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Encyclopedia > Decimal point

The decimal separator is used to mark the boundary between the integer and the fractional parts of a decimal numeral.

Originally (near the end of the first millennium CE), a bar over the units digit was used. Later, a separator (a short, roughly vertical, ink-stroke) between the units and tenths position became the norm. When type-set, it was convenient to use the existing comma, stop, or point marks for this purpose.

In many countries, therefore, the comma is used to mark the decimal units position; however, in predominantly English-speaking countries, a stop (.) or point (middle dot: ·) is commonly used as the decimal point symbol.

(For numeral systems other than decimal, the analogous point is known as a radix point.)

Examples of use:

• In France, Netherlands, and much of Latin Europe: 1 234 567,89
• In Germany, Romania and much of Europe: 1 234 567,89 or 1.234.567,89 (in handwriting you may also come across 1·234·567,89)
• In Switzerland (mainly German-speaking Switzerland): 1'234'567,89
• In the UK and USA: 1,234,567.89 or 1,234,567·89; the latter is more commonly found in older, and especially handwritten, documents nowadays; many UK schools now teach the SI style.
• SI style: 1 234 567.89 (dot countries) or 1 234 567,89 (comma countries)

Countries where a dot is used to mark the radix point include:

Australia, Botswana, Canada (English-speaking), China, Costa Rica, Dominican Republic, El Salvador, Guatemala, Honduras, Hong Kong, India, Ireland, Israel, Japan, Korea (both North and South), Malaysia, Mexico, Nicaragua, New Zealand, Panama, Philippines, Puerto Rico, Saudi Arabia, Singapore, Thailand, United Kingdom, United States,

## Comma countries

Countries where a comma is used to mark the radix point include:

Albania, Andorra, Argentina, Austria, Belarus, Belgium, Bolivia, Brazil, Bulgaria, Canada (French-speaking), Croatia, Cuba, Chile, Colombia, Czech Republic, Denmark, Ecuador, Estonia, Faroes, Finland, France, Germany, Greece, Greenland, Hungary, Indonesia, Iceland, Italy, Latvia, Lithuania, Luxembourg, Macedonia, Moldova, Netherlands, Norway, Paraguay, Peru, Poland, Portugal, Romania, Russia, Serbia, Slovakia, Slovenia, Spain, South Africa, Sweden, Switzerland, Ukraine, Uruguay, Venezuela, Zimbabwe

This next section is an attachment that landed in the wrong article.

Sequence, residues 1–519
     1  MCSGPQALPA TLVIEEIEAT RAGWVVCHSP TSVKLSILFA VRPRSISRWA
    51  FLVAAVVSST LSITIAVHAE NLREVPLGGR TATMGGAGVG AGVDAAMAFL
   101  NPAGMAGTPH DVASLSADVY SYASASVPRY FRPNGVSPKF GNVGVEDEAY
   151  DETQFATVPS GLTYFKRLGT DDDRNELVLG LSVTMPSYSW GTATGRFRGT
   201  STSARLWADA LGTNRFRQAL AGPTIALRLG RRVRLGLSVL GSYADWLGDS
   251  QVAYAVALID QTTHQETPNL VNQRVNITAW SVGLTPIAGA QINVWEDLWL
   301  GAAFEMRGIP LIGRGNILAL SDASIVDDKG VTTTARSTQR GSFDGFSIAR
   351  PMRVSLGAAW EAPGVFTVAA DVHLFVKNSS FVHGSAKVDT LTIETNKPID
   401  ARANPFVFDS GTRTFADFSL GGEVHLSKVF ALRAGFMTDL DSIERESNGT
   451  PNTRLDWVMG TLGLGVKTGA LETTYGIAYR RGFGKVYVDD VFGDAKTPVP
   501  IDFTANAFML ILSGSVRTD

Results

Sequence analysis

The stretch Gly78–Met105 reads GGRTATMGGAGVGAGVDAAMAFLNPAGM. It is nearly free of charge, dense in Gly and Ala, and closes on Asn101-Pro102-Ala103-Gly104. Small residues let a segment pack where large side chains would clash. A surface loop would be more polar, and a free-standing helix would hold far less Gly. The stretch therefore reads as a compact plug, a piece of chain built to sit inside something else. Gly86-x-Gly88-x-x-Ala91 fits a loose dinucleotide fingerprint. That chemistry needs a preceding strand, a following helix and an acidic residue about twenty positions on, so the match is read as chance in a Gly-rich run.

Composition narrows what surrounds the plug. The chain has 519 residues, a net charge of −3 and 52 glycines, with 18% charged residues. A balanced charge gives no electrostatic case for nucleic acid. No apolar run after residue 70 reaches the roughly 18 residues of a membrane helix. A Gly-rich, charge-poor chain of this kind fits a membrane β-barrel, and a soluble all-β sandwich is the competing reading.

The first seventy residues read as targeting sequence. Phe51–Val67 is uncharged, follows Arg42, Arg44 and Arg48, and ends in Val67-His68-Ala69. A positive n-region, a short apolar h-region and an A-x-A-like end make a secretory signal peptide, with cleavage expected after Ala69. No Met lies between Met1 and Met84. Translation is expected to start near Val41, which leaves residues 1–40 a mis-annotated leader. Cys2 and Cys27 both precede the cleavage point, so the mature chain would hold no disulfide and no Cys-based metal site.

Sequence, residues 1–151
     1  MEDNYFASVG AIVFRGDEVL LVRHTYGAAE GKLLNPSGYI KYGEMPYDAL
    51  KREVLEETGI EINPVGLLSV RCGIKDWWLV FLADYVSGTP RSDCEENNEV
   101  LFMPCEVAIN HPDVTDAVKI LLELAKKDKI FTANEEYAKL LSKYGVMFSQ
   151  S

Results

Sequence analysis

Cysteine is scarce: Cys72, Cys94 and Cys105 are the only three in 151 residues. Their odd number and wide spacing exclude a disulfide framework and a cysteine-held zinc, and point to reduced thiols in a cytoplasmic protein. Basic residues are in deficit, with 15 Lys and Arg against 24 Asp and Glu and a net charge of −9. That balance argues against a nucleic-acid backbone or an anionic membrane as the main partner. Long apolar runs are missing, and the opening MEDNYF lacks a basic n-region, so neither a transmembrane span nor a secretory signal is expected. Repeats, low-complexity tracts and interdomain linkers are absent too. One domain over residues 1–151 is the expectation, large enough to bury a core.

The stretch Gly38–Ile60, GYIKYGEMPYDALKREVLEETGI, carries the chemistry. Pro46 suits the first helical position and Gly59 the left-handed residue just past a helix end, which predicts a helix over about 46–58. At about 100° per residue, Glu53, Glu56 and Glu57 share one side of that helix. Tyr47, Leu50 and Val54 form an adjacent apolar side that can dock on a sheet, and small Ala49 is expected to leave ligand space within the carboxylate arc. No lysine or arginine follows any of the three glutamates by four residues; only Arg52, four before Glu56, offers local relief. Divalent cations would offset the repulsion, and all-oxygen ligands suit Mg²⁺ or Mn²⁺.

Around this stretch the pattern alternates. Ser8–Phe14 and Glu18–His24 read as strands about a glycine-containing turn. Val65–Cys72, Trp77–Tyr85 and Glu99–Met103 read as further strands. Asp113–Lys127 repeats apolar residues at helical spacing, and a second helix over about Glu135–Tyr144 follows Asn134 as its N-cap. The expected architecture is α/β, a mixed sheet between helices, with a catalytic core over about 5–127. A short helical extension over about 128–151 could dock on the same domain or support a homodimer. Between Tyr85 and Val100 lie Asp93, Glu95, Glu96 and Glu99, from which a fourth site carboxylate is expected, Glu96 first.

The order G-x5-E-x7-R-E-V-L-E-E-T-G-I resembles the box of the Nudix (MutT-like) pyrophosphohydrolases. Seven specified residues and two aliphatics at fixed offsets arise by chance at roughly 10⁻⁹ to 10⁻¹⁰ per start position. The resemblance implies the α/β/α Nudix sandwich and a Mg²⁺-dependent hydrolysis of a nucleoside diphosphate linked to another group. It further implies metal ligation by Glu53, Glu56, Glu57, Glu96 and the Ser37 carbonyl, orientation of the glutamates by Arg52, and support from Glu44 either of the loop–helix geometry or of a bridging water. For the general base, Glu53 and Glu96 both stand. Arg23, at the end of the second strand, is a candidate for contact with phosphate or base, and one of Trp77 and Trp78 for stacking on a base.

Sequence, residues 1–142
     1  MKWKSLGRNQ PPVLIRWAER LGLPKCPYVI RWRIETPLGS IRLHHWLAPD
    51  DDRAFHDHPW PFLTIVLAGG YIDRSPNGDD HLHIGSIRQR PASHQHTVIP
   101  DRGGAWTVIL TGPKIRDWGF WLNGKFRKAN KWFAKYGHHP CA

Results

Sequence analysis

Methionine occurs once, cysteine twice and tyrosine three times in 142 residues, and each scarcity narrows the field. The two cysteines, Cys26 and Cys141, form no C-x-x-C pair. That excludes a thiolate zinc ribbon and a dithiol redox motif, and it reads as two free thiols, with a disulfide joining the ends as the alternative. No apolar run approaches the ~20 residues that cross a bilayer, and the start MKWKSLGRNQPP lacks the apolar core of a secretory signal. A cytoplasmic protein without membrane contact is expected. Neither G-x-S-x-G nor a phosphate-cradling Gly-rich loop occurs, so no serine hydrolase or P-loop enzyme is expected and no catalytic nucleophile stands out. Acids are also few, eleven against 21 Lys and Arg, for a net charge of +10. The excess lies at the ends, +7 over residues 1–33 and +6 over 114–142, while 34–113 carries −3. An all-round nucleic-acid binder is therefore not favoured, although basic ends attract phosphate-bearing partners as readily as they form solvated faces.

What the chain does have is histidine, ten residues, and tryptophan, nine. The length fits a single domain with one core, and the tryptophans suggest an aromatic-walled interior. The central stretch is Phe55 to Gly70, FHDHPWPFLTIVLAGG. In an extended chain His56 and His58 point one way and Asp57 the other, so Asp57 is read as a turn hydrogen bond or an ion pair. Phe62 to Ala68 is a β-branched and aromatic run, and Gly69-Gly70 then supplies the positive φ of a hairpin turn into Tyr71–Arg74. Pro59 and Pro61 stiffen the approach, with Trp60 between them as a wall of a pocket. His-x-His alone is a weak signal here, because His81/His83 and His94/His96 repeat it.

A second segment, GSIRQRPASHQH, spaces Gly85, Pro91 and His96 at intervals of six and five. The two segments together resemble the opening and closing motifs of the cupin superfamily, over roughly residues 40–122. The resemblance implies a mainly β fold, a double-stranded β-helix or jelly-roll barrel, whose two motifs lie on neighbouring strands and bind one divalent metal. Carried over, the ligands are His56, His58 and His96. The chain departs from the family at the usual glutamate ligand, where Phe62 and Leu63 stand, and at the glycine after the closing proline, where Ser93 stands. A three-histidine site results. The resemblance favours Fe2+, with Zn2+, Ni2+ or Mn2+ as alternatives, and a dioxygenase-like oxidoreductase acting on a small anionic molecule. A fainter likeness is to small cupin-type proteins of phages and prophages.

Results from FactBites:

 Decimal - Wikipedia, the free encyclopedia (1073 words) Decimal notation is the writing of numbers in the base 10 numeral system, which uses various symbols for ten distinct quantities (0, 1, 2, 3, 4, 5, 6, 7, 8 and 9, called digits) to represent numbers. These digits are frequently used with a decimal point which indicates the start of a fractional part, and with one of the sign symbols + (plus) or âˆ’ (minus) to indicate sign. Decimal fractions can be expressed without a denominator, the decimal point being inserted into the numerator (with leading zeros added if needed), at the position from the right corresponding to the power of ten of the denominator.
 Decimal separator - Wikipedia, the free encyclopedia (505 words) The decimal separator is a symbol used to mark the boundary between the integer and the fractional parts of a decimal numeral. This had the advantage of reducing confusion with the countries that used the period to separate groups of digits, but as the middle dot was already in common use in world mathematics to indicate multiplication (for example, in the dot product), the SI rejected this use of this symbol for this purpose. However, the use of the period as decimal point was not banned.
More results at FactBites »

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